The music community seems to have taken that message to heart. There’s YACHT, whose laptop electronic pop always prompts the crowd to imitate his jolted dancing. On the other side, there’s Starfucker, a band that went through a several-month-long phase of cross dressing and stop-and-start renditions of songs that made it nearly impossible to dance.
pee on the florist, - o = EN + + the tinies; they;11 get ya, the office crawfish!
rock US vou caucus . crumble pat to sleep in the inferno, how Go you pee ifyou have no knees said thefleas to the trees, Jinglejump said the bump to herrump.
Dearvest Magvin Pants. Vou eyes are bluestones in vulture remains, Xuy Sa. luv samvel
| à the bluest eye rabng true in theáarinessofthebrighn:t lightofthenignt Feeling produced by the lingering sentiments of unrememberea experience rang against the steel grum of her frormer life,She clinked in rememberine how she was only bubkhle du the g Ooniy a bubble iu the o pm champagne ol someone else's e shopenhaurian life. And 30 I say toyou dear sammi.:- Go forth arg $ SE the Are PO de En os DIE e u | PEL $86%08 PORO ANGAARYR E 1)gHe WÄRBaRYSUSägzwsTo off. into the infinite abyss, Tt asta only infinite Love, “ a = “ AT zis o e ss Kazzins
Dear Masıaplefaxz y Glad to mett le with the nettles. a ae ce nan
There’s Blind Pilot, who embarked on a west coast tour by
bike (not to make any sort of environmental statement, but
simply because it seemed like a fun idea), and Mirah, who wrote an entire album about bugs and had to kick everyone out ofher CD release party because the space was only rented until 11 PM. The first time I saw Mattress, he wandered around the stage during sound check, whispering in the microphone, “The music is lost. The music is lost,” as he tried to fix his equipment, and then, “I found the music,” after which he writhed his way through the set. And I’m not sure anyone really likes Atole, an electronic five-piece that’s fronted by aman who’s generally recognized as the city’s worst DJ, but we go to their shows anyway.
It can be a gaudy city, and maybe a little self-destructive, but it's entirely sincere and staggeringly accepting. You don't live here? Portland doesn't care. Portland will be your friend anyway, because it’s weird and awkward and that means it really can’t afford to turn new friends away. That’s Portland.
a s y r s x ı q e uu e l
we are pretty drunk i'm not wearing an ants th ] E h ‚nere 1Sn muc now it hurts to pee f a ae eel i nee > just SOME m UN cheshire cat grins down vinyl, a needle watching, spying, gleégully wonder where he sleeps
we fükl up the eir
with jazz, funk, rap, and indie
spirit of go you bear
mitochonärial neanderthol ancestors
baby light my fire
pigs in the forest
dancing in the dappled moonshade see those loins bouncing
some great advice :
boogy down 24/7
i rode the fishes ,
we found the eng oF the world e caretul rabbit
the galaxies breathe a coyote might eat you
bunnies have all ears
our mix tapes rock out
philly cheese-steaks and tacos
are most delicious
A Brief History of Music Acquisition
<< Back in the day (my day), you had few options for getting music. You could pretty much either buy a record / CD / tape at a brick-and-mortar store (l’ve done that), or listen to the radio and record it to a tape while trying your best to i ge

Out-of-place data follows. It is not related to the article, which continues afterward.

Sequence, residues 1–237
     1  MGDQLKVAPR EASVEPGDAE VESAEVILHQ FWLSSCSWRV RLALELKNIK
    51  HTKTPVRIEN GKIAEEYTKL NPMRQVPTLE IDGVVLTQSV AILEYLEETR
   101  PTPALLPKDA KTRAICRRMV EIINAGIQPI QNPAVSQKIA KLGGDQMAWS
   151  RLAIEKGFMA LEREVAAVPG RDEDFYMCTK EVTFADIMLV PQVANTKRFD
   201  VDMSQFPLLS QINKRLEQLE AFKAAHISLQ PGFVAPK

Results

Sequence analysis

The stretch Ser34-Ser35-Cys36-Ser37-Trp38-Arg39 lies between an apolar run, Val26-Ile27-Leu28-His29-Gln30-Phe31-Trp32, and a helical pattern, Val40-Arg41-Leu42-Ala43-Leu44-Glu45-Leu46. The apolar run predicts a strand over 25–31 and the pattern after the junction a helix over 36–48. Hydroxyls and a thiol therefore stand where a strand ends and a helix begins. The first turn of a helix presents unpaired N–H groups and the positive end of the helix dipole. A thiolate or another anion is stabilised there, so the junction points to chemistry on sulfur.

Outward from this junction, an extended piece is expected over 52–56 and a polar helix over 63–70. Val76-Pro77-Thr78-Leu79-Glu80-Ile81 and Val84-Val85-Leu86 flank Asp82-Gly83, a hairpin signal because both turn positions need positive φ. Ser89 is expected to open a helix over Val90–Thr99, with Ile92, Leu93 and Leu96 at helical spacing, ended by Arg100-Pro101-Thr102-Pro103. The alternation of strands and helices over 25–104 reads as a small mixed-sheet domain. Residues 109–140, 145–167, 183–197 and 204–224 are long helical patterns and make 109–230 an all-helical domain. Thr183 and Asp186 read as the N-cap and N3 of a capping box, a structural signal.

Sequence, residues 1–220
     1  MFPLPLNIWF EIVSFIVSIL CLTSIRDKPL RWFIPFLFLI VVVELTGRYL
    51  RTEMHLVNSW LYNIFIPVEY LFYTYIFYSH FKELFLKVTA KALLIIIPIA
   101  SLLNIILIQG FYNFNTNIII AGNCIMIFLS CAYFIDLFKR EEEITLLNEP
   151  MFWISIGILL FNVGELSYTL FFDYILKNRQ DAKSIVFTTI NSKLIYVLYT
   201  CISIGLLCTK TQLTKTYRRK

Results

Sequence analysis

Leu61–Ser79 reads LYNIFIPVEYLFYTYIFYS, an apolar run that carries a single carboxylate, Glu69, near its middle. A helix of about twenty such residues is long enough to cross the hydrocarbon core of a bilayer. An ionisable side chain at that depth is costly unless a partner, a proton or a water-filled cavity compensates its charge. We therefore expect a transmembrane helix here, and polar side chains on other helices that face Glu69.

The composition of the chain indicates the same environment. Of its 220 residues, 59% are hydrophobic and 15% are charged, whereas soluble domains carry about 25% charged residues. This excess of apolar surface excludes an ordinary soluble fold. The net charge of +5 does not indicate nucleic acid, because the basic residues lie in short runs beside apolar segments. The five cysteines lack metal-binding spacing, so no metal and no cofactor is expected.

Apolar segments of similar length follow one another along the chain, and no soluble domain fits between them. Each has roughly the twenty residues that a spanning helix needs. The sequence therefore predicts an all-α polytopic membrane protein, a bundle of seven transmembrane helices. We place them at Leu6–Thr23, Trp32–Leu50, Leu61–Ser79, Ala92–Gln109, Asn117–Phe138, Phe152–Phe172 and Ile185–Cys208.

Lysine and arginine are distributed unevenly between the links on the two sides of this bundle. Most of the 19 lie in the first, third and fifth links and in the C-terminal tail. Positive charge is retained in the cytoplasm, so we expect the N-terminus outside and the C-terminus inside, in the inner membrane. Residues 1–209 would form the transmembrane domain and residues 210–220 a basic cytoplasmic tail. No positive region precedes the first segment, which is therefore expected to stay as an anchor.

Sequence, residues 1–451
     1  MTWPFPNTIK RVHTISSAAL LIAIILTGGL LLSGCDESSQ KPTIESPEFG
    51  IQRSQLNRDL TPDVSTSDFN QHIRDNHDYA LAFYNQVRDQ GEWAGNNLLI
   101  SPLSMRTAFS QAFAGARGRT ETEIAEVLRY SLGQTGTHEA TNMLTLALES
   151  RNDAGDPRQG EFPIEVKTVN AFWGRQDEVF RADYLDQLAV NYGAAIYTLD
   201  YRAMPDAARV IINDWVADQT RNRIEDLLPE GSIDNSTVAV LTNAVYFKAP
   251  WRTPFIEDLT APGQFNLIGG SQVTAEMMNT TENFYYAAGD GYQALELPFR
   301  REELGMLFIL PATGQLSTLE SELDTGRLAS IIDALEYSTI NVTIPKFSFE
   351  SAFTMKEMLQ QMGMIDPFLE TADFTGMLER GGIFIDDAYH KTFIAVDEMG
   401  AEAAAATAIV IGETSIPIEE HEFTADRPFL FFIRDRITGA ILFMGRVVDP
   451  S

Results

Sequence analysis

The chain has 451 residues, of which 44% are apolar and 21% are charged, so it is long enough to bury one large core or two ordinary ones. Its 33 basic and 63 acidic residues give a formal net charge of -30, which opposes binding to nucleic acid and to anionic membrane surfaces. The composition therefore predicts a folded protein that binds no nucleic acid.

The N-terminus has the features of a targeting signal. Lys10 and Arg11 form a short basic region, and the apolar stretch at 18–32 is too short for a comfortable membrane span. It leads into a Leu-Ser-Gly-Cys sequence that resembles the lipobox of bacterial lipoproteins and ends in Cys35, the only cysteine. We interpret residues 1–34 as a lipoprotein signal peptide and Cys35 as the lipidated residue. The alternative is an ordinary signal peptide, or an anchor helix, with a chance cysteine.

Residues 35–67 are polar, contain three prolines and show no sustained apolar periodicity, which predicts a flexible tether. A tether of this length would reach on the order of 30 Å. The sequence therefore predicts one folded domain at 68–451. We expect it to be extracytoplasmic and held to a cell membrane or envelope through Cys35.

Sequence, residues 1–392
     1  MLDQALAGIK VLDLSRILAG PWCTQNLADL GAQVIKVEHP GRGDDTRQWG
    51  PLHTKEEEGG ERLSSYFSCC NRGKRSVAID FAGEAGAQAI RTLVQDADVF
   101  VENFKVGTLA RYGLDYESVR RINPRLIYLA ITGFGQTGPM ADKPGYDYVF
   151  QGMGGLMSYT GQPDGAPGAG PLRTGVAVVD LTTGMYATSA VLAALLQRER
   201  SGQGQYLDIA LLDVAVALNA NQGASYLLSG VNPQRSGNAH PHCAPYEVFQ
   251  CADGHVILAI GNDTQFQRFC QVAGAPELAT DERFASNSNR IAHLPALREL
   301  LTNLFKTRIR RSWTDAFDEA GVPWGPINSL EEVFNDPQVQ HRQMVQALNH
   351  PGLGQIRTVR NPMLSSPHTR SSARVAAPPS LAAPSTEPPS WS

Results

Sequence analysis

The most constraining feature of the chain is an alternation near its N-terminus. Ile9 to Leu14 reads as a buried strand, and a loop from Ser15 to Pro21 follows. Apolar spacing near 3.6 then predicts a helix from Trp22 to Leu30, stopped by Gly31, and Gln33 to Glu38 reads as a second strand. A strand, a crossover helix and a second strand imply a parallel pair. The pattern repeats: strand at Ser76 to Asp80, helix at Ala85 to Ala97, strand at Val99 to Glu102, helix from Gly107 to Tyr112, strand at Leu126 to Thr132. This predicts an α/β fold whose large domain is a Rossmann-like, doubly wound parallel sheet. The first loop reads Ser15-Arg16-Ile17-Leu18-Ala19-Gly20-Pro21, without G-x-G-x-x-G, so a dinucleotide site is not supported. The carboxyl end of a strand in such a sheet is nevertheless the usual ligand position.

a few facts remain: You don’t know what you’re net. Many new sites sprang into exisgetting, viruses are a significant possibility, and tence to fill the void that remained: Wafyou will almost definitely get caught by the RIAA fles.fm and What.CD being the primary (I believe there was a study that saidif you used contenders initially. Despite a turbulent
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avoid the irritating DJ noise and station IDs (done that too). But we are no longer back in the day. Today we (obviously) live in the present, not the past. The past is behind us, and we look forward to the future.
There are many differences between today and yesteryear (I hate that word), but if had to guess, I’d say that probably the single greatest difference is that today we have a multitude of options for getting music. Some are more legal than others. hope you’ll accompany me as we embark on a journey of music-acquisitional exploration and discovery. We’ll transition between the clearly illegal to the fairly shady to the completely legal options. hope you have as much fun as do!!
Napster. Those were the days. You typed in the name of a song, chose someone with a high connection speed, and downloaded what you hoped was that song. Sure, it took ~10 minutes per song, and you frequently ended up with the wrong file, but you could look up *any song* you could think of, and find most of the more mainstream ones. Incredible. Of course, Napster got shut down, but there are other P2P options that have replaced it: Limewire, Soulseek, Shareaza, eMule (1 have never met anyone who used either that or its cousin, eDonkey, by the way) to name a few. Download speeds have gotten better, but
Limewire, you’d get caught something like 99% beginning for the two sites, What.CD of the time). My opinion? Stay away. Stay far appears to be the number one private away. music torrent site at the moment, and has eclipsed Oink’s 200,000 torrents with nearly double that at the last estimation. (Continue —>)